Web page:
‘Old Timers’ by Carl Sandburg speaks on the nature of war. Sandburg alludes to the ways in which history repeats itself no matter which country or time period one is in.
Published in 1996, in David Mason’s award-winning collection, The Country I Remember, ‘Song of the Powers’ uses a children’s game, “stone, paper, scissors,” in order to comment on the futility of power.
‘Snow’ by Louis MacNeice looks like a straightforward poem about a winter scene, but the truth is much more complex.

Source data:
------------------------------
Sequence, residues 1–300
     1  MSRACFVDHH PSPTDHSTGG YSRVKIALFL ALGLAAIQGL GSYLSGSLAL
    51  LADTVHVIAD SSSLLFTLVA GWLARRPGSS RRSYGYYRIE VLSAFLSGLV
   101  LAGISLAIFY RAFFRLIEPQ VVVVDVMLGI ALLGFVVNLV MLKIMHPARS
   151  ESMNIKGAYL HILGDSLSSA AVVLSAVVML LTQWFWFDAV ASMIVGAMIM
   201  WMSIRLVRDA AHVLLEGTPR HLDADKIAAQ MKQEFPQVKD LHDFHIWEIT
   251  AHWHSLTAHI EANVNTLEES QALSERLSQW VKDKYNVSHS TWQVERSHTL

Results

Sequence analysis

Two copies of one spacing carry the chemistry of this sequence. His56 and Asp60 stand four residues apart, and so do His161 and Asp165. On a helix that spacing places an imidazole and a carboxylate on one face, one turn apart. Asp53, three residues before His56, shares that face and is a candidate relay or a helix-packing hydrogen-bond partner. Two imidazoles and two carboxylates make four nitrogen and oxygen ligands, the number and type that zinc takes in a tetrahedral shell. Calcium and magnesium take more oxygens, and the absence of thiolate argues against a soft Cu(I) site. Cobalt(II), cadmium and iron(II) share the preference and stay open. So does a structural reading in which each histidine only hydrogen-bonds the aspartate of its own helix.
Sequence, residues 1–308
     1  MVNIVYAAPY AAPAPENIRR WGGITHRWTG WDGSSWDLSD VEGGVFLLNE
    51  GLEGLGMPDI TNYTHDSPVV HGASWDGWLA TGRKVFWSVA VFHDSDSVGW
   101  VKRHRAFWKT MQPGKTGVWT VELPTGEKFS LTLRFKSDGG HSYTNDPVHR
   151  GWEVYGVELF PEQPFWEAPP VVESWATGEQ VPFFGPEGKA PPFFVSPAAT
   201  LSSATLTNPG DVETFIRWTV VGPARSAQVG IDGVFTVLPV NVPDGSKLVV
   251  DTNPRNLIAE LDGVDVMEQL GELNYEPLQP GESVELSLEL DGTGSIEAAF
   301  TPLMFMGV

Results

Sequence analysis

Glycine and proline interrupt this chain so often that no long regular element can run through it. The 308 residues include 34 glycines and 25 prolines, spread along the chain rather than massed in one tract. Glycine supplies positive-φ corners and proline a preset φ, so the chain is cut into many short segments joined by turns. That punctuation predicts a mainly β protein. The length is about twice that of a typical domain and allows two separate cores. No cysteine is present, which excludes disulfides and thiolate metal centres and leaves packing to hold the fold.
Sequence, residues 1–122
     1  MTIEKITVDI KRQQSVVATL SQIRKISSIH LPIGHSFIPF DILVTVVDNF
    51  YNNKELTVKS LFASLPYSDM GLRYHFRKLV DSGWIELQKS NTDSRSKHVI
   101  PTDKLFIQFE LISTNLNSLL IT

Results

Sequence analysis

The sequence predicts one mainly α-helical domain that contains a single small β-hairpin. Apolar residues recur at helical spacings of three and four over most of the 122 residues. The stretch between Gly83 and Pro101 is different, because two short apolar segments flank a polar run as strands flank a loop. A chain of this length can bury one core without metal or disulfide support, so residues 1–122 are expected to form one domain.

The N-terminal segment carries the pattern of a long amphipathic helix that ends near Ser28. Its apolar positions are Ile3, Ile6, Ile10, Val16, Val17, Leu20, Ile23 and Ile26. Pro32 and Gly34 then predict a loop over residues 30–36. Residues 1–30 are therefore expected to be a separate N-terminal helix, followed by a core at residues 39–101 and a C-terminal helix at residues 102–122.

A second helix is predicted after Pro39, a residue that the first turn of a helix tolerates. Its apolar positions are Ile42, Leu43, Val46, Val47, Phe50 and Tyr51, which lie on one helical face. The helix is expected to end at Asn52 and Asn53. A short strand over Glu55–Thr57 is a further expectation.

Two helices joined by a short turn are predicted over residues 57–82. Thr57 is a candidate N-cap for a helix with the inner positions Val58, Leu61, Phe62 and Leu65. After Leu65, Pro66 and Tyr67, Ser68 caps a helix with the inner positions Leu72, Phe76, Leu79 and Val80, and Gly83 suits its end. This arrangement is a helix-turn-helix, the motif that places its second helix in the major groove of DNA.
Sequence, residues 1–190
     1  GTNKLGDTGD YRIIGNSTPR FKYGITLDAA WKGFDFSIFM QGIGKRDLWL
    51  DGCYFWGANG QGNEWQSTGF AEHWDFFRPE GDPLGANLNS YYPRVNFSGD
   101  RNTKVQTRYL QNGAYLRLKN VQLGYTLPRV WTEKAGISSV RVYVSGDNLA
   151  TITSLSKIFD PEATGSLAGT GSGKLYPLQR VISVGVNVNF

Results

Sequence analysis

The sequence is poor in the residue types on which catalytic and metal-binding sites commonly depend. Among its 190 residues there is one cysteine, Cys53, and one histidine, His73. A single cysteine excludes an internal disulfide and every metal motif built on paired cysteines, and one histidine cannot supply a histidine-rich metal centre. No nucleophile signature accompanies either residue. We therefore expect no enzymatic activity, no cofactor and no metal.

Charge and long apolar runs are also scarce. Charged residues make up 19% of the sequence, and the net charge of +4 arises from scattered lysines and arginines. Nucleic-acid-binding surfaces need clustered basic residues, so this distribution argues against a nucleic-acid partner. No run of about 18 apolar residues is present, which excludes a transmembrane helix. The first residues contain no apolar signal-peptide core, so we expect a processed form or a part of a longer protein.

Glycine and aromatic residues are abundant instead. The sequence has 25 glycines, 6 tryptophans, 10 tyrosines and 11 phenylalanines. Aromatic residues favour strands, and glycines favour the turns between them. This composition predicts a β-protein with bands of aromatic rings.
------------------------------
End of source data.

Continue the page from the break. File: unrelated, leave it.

‘The Death of a Toad’ by Richard Wilbur speaks on the death of a toad and relates the tragedy to the larger problem of humankind’s conflict with nature.
‘The Garden’ by Ezra Pound describes the emotional conflict caused by changes in the upper and lower classes of England during the ending months of WWI.
‘War Photographer’ by Carol Ann Duffy is an interesting poem. It depicts the unrest in the world from a photographer’s perspective.
The poem ‘A Poison Tree,’ published in the year 1794, is one of the most wonderful and appreciated works of poetry by William Blake.